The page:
News & Opinions
The latest news and insights from Hanley Wood’s outspoken experts and key thought-leaders throughout the residential and commercial design and construction industry.
What’s Complex Isn’t Complicated Once You Draw a Process Map
Judith Miller / October 2014
Think of this summer’s rush of work as the meal conceived of and planned in the dreary light of February and March. Now that we’ve eaten it, our stomachs are full, and as the bright light of summer fades, reality once again sets in. If you’re like many remodelers I work with, you’re concerned about work in November and December; few of my clients have backlogs of contracted work that would last longer than 4 months or that would provide one-third of annual volume. So, what does 2015 look like? “Hard to tell” is the right answer, given the complexities involved in economic predictions.Read More
Top 4 Obstacles and Boosters for New Home Construction
Brad Hunter / Builder / October 17, 2014
Housing starts rose by 6.3% in September, which places activity 17.8% above September of last year, according to the government report just released at 8:30. Metrostudy’s view about the housing recovery remains unchanged. The total for 2014 will be little changed from 2013, but activity should increase in 2015. The Top 4 Obstacles Mortgage Availability There are still people who *should* be able to get mortgages who cannot (particularly those who work on commissions or bonuses, or are self-employed). Rental Millennials They have yet to help household formation rates, because thoseRead More
John McManus / BUILDER / September 5, 2014
Let’s look at what presently consumes our field of focus. It’s a big question wrapped in a two-word package: What next? We’ll address the question, but not before we call to mind a sharp little turn of phrase from a best-selling novel we managed to read during our own summer reprieve, The Goldfinch by Donna Tartt. (Yes, we’re a year behind the rest of the world in many things.) Among a handful of lines that nag after reading the book, like a sinfully delicious chocolate treat, is this one: “The magic point where every idea and its opposite are equally true.”
The ring of this phrase couldRead More
Brad Hunter / Metrostudy / August 11, 2014
We have been talking for years about the lot shortages that builders are facing. Now, it’s time to talk about how many lots are being developed. Builders and developers are now playing “catch-up,” with builders buying land and lots and developers/investors paving roads and putting in infrastructure to serve the builders’ needs at a frenetic pace.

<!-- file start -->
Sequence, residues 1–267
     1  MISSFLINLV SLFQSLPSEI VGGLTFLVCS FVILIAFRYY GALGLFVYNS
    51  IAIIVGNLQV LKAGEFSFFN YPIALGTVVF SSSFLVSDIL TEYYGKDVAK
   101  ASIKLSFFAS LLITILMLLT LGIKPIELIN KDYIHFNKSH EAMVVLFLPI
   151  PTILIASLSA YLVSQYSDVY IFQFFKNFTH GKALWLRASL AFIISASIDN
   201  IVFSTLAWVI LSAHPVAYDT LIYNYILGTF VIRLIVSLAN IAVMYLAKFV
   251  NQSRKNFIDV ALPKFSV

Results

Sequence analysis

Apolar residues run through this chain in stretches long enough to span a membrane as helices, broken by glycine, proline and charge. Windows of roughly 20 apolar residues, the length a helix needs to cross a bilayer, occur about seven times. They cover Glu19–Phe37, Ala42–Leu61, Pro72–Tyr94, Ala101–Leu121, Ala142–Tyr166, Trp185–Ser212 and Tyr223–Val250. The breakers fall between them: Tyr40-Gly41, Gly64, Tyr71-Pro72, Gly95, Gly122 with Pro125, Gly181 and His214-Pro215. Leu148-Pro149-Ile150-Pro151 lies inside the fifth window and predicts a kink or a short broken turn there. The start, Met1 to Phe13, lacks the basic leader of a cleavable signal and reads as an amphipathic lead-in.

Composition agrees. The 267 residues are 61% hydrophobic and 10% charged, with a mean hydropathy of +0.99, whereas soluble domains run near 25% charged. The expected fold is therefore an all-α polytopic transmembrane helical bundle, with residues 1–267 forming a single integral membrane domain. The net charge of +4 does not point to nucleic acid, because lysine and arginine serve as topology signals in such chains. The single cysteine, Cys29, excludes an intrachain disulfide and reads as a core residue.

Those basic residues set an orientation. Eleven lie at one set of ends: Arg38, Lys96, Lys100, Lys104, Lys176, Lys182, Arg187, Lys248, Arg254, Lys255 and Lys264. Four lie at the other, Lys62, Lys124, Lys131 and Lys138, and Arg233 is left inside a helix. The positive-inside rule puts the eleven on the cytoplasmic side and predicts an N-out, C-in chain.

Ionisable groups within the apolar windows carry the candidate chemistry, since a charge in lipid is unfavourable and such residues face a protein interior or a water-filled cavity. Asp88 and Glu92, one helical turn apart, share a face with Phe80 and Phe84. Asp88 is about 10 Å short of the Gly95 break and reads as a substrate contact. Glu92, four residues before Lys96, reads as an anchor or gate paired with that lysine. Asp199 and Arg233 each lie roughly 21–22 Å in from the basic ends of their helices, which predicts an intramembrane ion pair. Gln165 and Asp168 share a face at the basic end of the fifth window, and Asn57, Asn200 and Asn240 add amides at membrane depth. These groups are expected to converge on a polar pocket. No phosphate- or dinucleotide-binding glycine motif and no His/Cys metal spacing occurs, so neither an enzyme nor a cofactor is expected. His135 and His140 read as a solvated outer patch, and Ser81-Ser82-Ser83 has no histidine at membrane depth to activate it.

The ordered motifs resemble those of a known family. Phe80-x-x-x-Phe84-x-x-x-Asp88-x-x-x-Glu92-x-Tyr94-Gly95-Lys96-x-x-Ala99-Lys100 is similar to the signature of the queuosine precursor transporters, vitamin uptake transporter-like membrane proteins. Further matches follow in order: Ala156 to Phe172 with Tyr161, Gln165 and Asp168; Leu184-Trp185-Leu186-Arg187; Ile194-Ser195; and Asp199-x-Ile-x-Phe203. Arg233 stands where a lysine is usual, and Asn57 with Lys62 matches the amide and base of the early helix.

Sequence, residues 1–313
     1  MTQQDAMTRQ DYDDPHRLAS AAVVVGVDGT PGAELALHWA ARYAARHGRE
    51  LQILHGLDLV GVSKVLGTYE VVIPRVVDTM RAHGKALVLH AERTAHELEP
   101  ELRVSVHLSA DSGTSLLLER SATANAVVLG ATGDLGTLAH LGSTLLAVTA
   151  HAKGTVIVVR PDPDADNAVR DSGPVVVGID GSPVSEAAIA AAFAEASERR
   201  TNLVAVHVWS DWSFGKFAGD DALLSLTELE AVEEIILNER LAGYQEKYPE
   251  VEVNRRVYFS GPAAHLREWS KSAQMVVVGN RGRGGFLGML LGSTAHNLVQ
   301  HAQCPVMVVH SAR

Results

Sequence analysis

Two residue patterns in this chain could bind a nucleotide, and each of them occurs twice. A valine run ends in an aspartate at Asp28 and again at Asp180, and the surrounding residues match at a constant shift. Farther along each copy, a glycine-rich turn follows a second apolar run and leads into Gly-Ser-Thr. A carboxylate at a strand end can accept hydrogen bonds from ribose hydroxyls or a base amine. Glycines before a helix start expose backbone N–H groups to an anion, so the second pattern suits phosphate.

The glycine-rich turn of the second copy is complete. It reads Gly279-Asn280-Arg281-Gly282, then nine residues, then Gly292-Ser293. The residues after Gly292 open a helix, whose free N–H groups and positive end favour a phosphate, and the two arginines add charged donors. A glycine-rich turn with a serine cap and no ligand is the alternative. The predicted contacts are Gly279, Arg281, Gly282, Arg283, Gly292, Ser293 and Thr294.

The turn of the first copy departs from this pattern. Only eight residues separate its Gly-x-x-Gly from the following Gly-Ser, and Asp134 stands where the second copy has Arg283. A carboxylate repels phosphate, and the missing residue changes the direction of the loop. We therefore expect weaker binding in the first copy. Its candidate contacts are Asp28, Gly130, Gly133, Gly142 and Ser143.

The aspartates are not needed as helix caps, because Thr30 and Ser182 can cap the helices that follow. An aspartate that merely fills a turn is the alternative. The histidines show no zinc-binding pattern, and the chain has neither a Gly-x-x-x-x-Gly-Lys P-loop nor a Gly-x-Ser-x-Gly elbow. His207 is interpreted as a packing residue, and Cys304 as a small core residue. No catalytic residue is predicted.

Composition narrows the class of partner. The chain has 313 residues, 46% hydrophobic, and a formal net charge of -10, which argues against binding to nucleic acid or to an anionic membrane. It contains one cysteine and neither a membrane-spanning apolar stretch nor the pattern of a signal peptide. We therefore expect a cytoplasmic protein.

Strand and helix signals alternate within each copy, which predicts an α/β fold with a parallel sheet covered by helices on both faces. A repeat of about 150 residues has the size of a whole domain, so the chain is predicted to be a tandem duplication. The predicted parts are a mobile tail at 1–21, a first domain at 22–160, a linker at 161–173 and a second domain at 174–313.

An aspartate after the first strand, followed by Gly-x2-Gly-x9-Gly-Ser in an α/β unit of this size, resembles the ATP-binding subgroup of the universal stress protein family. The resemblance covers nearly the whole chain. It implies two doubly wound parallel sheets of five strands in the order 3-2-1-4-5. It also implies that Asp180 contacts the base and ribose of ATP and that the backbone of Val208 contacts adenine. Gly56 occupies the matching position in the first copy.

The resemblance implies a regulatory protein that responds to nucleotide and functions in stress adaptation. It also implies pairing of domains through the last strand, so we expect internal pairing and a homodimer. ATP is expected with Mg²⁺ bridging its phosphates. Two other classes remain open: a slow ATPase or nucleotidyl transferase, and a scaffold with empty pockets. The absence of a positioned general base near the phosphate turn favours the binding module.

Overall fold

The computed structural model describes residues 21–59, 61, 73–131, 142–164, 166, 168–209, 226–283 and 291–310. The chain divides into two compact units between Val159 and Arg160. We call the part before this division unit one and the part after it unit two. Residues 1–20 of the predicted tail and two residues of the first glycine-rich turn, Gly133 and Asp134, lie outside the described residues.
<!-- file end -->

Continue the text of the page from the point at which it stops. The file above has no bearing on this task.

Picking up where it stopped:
The pace of lot delivery (completion, ready for the builder) has gone up 140% in the past two years, much faster than the pace of housing production has risen (+84%). Despite this increased pace, lot development STILL lags the pace ofRead More
Brad Hunter, chief economist of housing-research firm Metrostudy in Palm Beach Gardens, Florida, says data collected by his company “flies in the face” of government statistics that showed weak housing starts in the second quarter. Hunter talks with Bloomberg’s Tom Keene and Michael McKee on Bloomberg Radio’s “Bloomberg Surveillance.”Read More
Brad Hunter / Metrostudy / October 30, 2013
Construction markets are showing signs of building momentum nationwide. Inquiries with architecture firms are up, construction spending is up, and inventories of new homes are dwindling but demand continues to rise. So what’s stopping you from diving in and taking your business to the next level?
If you’re like everyone else, you’re probably skiddish about the stability of the market. You’re still aching from the hangover of the recession. What’s going to get you back in the saddle? Metrostudy’s Brad Hunter spoke with HW.com about the lessonsRead More
Jean Dimeo / BUILDER / September 26, 2013
The recovery brought with it larger new houses. Why?
During the recession, many Americans—reeling from downsized paychecks and declining home values—scaled back their super-sized lifestyles. Sales of giant SUVs and four-door pickup trucks fell, new-home sizes shrunk, recent graduates moved back home with mom and dad, and newlyweds stayed in rental apartments. How quickly we forget the recent past.
Commerce Department data shows that the average size of a new home was 2,647 square feet during the second quarter of 2013, eclipsing the record of 2,561 square feet set in the first quarterRead More